Advocate Spotlight: Christian Monje
Christian Eduardo Monje is a Global Health Advocacy Incubator (GHAI) Legal Consultant in Bolivia conducting a comprehensive assessment of Civil Registration, Vital Statistics and Identity Management (CRVSID) legal frameworks to highlight areas where legal reform could strengthen the CRVS and ID systems. Christian has more than 14 years of experience practicing law and works as a legal advisor to the Fundación Bolivia Saludable, closely advising on and advocating for tobacco control policies. Christian’s legal practice focuses on environmental, agricultural and family law areas with a particular interest in human rights, youth and adolescents, women empowerment and indigenous people's rights. Christian is an environmental activist and co-founder of the "Ñande Bolivia" Association.
1. What motivated you to work at the intersection of law and CRVSID?
The novelty and challenge of the legal review project in Bolivia was what motivated me the most to work on the CRVSID legal review. The project provided an opportunity for me to understand the importance of well-functioning CRVSID systems and evaluate the context in Bolivia and the strengths and weaknesses of our CRVSID systems. Our project successfully identified and engaged with national government institutions to produce duly substantiated recommendations to help strengthen the CRVSID system in Bolivia.
2. How does your legal background inform your CRVS work and why is it important to have lawyers involved in CRVS legal reform processes?
I believe legal education and training are the basis for CRVSID system improvement initiatives since a strong legal system that reflects a national-level reality reinforces public health policies that are relevant to vital events. Training lawyers on CRVSID best practices is crucial to have a well-structured legal reform process since lawyers can provide a better perspective of issues intended to be coded into law and can analyze in accordance with human rights principles, national constitution and relevant laws – without detracting from the fact that the work must be coordinated both with professionals from other branches linked to the CRVS system as well as with all interested national institutions.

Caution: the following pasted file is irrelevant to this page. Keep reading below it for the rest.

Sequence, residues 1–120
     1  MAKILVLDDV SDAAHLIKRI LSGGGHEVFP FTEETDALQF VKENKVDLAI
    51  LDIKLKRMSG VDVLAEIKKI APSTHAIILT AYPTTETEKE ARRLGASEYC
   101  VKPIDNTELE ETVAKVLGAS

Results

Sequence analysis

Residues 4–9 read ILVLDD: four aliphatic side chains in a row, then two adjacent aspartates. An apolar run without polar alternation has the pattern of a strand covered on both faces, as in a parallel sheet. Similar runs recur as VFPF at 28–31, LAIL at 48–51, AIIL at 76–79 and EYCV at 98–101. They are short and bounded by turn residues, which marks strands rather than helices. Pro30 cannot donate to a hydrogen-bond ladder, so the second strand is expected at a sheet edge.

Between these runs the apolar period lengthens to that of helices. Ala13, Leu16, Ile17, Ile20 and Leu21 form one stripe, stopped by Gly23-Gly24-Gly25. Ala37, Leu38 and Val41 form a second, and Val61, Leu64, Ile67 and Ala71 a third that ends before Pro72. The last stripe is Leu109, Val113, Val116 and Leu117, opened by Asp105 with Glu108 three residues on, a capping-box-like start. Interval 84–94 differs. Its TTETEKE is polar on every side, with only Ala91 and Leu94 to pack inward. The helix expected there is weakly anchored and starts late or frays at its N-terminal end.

3. What is the biggest challenge you have faced in your work and how did it get resolved?
The first challenge I faced in this project was undergoing the comprehensive CRVSID best practices training, as the project was new for me. With the tools and support provided by GHAI’s Data for Health team, it became easier for me to learn how to conduct the legal review. The second challenge was (and continues to be) transmitting the knowledge I learned and coordinating all project activities, such as crossing information with national CRVSID institutions. The coordination, however, has led to positive outcomes.
4. What are you most excited about in your consultancy role with GHAI’s CRVS legal review project?
Knowing that Bolivia will have documented evidence of the strengths and weaknesses of the Bolivian CRVSID laws excites me the most in my role as a GHAI consultant. I am hopeful that the vital events registration in Bolivia will improve based on the recommendations from the legal review and international best practices, as well as coordination among institutions responsible for CRVSID in Bolivia.
5. What is your message to lawyers in low and middle-income countries?
We must make the most of the unconditional support that GHAI provides to our countries to improve our public health policies. We must also share with our fellow countrymen the knowledge that was provided to us to create a positive synergy that will undoubtedly generate better results at a global level, both personally and socially.
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